Akshat with father Sudhir Singhal, mother Sun ita and sister Yamini. 30 Web sites to his credit and eams anything between Rs. 10,000 and Rs. 40,000 for developing each site. Laurels aplenty are coming in for him. He was given a paid internship with the American IT giant, Agilent Technologies, last summer. By the age of 13 Akshat had mastered Java and C languages for developing Web-based applications. At 14, he was declared India's youngest Microsoft Certified Systems Engineer. A year later, he became the world's youngest Certified Lotus Professional. He was declared the "Face of the Millennium" by MTV two years ago and was also listed in the Limca Book of
Records 200 I for being a young computer talent.
A Planet in the Universe:
Akshat's notable achievements to date include becoming the first Indian to have a planet named after hin1 by the prestigious Lincoln Laboratory at the Massachusetts Institute of Technology (MIT) in Boston. It is one ofMIT's largest laboratories. Its LINEAR (Lincoln Near Earth Asteroid Research) program detects and catalogs nearearth asteroids, comets and minor planets. It rewards selected students by naming a minor planet after them. (12599) Singhal-named after Akshat-is a minor planet between Mars and Jupiter. Akshat got this rare honor when his project, a software application for Web-based document management, was selected among the top entries in the Intel International Science and Engineering Fair (ISEF) in Kentucky in May last year. Over a million students of classes between IX and XlI compete in this fair held in 500 centers across the world. The 'Minor Planet' honor is given to the fmalists of the Intel ISEF on the basis of a project and a written submission on why they would like to have the honor. The panel of judges shortlisted 1,200 students for ISEF from 40 countries. In the finals, the jury, comprising 50 leading international scientists, felt Akshat's Intelligent Document Management System (lDMS) stored digital documents in a far more organized way than other existing systems. It provides a better way of accessing documents on small computers. The system allows encryption, compression, revision and control of documents and searching through multiple documents. Its a Hobbv: Akshat's affair with computers began when he was an eight-year-old curious about anything new. A childhood visit to a nearby computer institute provided the spark. He was amazed by "the infinite capabilities of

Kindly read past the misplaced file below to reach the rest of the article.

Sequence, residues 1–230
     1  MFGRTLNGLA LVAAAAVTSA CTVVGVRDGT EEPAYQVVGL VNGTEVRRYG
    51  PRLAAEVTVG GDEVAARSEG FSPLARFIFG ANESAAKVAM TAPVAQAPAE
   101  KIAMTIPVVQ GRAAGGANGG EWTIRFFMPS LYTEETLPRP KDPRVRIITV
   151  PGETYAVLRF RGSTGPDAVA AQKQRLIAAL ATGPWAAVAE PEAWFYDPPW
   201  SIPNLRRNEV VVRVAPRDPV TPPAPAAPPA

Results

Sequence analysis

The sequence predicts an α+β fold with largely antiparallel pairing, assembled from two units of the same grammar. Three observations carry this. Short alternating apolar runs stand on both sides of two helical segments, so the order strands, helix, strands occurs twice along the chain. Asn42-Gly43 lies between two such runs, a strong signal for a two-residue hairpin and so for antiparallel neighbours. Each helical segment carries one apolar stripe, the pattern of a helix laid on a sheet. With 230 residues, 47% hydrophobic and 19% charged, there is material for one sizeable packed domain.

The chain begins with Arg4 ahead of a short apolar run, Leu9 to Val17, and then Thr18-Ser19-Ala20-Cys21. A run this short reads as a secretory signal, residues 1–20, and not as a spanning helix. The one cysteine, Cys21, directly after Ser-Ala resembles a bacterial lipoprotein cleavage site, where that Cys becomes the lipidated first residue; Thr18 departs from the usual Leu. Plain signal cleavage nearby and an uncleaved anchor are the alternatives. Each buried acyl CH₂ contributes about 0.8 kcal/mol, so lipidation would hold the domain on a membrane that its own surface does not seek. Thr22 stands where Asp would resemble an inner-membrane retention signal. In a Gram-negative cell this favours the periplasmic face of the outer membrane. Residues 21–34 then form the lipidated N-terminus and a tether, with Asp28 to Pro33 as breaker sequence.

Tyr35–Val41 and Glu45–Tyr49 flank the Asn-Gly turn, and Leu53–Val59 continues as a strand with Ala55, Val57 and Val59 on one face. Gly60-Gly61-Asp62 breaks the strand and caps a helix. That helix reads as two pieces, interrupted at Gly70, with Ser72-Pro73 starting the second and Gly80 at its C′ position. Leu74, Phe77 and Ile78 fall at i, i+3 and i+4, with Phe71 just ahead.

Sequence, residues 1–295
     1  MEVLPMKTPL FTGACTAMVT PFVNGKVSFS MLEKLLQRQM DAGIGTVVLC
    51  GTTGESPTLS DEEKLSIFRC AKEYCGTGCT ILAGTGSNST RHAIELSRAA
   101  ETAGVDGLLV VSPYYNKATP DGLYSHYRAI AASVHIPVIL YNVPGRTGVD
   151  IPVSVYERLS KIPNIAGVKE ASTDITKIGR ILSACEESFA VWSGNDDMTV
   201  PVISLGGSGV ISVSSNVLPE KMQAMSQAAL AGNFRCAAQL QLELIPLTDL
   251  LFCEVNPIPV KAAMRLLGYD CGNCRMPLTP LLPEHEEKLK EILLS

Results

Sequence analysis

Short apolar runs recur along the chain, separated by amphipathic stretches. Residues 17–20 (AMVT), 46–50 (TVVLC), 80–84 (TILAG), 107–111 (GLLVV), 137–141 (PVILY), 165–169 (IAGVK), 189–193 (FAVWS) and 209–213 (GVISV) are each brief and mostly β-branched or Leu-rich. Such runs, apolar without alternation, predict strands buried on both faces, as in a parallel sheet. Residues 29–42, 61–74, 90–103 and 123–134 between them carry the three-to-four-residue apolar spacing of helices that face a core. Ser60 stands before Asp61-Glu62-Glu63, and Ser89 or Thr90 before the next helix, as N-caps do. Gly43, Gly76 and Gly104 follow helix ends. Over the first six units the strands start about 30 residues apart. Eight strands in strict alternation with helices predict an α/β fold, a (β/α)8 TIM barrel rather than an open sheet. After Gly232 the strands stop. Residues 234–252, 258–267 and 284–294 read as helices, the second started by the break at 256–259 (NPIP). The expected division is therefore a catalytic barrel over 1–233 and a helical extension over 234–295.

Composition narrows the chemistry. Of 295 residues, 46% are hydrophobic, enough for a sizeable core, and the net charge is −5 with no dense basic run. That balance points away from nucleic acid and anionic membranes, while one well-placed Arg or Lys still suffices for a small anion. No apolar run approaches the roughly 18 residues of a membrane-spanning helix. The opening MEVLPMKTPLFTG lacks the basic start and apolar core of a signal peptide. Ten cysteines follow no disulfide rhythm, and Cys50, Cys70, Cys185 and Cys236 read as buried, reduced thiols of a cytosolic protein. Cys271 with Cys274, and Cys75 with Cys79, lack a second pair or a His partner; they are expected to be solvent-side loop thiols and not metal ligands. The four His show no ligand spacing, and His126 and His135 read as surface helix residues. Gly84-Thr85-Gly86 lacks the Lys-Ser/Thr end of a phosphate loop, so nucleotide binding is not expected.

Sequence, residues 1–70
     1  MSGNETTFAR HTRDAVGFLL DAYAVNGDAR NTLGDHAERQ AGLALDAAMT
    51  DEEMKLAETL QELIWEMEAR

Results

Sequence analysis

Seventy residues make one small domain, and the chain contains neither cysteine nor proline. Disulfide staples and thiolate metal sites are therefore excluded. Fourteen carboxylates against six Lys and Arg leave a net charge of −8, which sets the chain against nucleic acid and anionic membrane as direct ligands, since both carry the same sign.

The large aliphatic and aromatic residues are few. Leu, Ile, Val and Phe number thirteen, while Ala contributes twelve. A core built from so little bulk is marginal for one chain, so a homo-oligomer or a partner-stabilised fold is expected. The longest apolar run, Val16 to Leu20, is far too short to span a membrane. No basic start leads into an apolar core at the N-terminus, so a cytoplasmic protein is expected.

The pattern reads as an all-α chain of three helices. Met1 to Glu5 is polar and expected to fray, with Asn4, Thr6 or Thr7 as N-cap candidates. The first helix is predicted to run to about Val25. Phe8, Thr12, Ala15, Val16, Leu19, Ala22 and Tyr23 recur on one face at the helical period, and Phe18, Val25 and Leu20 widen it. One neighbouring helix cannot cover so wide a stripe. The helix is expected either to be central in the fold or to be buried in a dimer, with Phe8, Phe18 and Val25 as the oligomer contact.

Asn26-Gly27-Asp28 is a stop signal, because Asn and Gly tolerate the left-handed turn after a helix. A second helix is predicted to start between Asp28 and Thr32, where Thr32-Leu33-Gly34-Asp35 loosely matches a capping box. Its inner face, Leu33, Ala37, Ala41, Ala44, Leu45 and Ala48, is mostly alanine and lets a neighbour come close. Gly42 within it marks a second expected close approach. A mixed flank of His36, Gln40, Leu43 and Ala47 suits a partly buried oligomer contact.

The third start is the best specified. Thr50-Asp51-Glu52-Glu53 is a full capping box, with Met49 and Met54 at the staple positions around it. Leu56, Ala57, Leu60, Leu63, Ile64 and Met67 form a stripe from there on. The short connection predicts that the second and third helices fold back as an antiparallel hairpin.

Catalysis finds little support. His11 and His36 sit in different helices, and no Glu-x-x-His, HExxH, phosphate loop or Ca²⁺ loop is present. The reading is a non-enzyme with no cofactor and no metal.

the machine" and "had a whale of a time making designs in LOGO." Three years later he was struck by the beauty of a high-tech machine at a friend's place. "The 3D computer games and the multimedia system were really fascinating." That summer he enrolled in a basic computer course and "enjoyed every moment of it." His growing interest in computers prompted his father to buy a PC. "I was thrilled," he says. "1 went overboard conducting my little experiments with it. It's really a coincidence that I got into computers as a career, because it's more of a hobby than a profession," says Akshat. Source of Inspiration: From where does the whiz kid draw his inspiration? "[t comes from somewhere within me," he says. His father has a cooking gas agency and his mother is a homemaker. But he says his mother has had the greatest influence on him: "Without any formal education in computers, she has always encouraged me to go ahead and achieve the impossible. She is my pillar of strength." Akshat developed a software program based on the Buddhist epic Dhammapada. Named "Dhan1lTIapada Online," it pops up a wise saying of Lord Buddha every time the computer is switched on. The software is appreciated by many Buddhist organizations around the world. Later, he developed another application on the Shirdi Sai Baba, titled "The Sayings of Sai Although a photo of (12599) Singhal was unavailable, the minor planet (243) Ida in the image is similm: Minor planets represent material left over fi'om the formation of the solar system.